Anyway, the ticket agent, upon finding out what time my flight was to leave, tells me she can't let me board and would have to put me on a later flight. I was disappointed, but figured they had some rule about showing up less than an hour before the flight, so I didn't say anything.
Until the ticketing agent standing next to her called out, "Passengers on Flight #123 for Atlanta, come check in now--last call." About six people, who were all in line behind me, checked in and headed to security, going off to board the flight I was supposed to be on.
Me: Um...why are those people able to check in for the same flight?
Agent: Because of your scooter. You can't check in this late with your scooter.
Me: That seems sort of discriminatory.
Agent: (squatting down so she was eye level with me, which I found to be incredibly patronizing) No, it's not. Security needs at least 30 minutes to check your scooter
Now, I'm used to the TSA giving me the third degree (swabbing my scooter to test for gun powder, patting me down, etc.), but I thought that not being allowed to board because of that was not so cool.
Me: So can you tell me what the policy is? How early am I supposed to get here to board with my scooter?
Agent: Well, for regular customers it's 30 minutes. For disabled customers, an hour or more.
By that point I'd had enough, and asked her 1) to show me the written policy which said that and 2) to let me speak with her supervisor. She disappears into the back, and is gone for about 3 minutes. She reappears, and her tone has suddenly changed.
Agent: I'll walk you to your gate and make sure you get on your plane.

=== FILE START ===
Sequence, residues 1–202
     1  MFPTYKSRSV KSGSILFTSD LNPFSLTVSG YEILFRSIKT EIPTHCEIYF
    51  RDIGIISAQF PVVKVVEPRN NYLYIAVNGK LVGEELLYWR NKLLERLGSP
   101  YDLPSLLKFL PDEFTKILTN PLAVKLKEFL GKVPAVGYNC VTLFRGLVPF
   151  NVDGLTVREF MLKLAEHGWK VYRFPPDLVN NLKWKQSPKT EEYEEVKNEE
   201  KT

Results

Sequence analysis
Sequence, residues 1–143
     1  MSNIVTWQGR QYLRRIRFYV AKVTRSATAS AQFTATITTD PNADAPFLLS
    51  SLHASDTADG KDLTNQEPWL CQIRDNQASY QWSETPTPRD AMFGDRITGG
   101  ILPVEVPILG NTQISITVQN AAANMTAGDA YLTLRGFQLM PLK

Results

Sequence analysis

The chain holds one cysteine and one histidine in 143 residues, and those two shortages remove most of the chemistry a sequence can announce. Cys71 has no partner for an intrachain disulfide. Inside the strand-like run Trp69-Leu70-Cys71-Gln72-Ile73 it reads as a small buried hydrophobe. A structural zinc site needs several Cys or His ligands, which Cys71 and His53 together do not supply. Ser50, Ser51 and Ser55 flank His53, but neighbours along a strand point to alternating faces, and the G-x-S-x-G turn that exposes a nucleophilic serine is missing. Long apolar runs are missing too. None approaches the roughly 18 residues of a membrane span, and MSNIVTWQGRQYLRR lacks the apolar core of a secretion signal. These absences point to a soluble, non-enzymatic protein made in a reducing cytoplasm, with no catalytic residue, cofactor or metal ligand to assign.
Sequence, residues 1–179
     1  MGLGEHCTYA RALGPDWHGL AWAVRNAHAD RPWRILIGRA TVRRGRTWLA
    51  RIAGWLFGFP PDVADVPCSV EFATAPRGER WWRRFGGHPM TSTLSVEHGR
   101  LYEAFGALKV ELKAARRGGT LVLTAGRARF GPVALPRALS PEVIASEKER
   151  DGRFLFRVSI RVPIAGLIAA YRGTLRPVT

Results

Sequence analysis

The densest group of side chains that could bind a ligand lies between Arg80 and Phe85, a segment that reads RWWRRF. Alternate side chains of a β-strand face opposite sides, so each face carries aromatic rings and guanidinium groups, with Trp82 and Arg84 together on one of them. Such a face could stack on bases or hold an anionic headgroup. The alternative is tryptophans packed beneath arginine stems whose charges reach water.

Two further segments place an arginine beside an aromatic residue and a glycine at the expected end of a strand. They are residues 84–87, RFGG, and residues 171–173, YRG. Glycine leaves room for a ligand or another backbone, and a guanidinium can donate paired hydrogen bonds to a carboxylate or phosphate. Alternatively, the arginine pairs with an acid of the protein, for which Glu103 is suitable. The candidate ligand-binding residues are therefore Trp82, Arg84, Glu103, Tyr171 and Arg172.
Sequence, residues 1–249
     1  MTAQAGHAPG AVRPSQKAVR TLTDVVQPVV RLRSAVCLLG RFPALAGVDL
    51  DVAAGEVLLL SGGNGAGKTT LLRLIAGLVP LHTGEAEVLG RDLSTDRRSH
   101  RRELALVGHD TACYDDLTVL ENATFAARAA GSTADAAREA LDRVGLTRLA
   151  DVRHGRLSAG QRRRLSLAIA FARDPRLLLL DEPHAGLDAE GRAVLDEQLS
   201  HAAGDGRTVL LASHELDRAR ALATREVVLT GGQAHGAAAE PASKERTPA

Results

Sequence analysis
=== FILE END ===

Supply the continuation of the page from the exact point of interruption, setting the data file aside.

She and her supervisor proceeded to do just that, making sure I was able to get through security in time to board. Now, just for clarification, I never thought I was entitled to that when I checked in--I simply wanted the same opportunity to rush to my gate as they gave the other passengers who were running a llttle late. However, since the ticket agent held me up for so long arguing with me about whether I could board, I felt that it was only right that they made up for the time she wasted.
So I did appreciate the supervisor...and I would have loved to see the conversation that went on between her and the agent behind the scenes.
Anyway, while the eventual service was good, it ended on kind of a sour note. I got to the gate, and was wheeling a suitcase, carry-on size, but never the less obviously bulky and heavy. The gate agent asked me, "Can you lift that into the overhead?"
Now, not only was I on my scooter, but I'm also about four feet tall.
"Um, no?" I responded. She rolled her eyes, sighed, and grabbed it from me.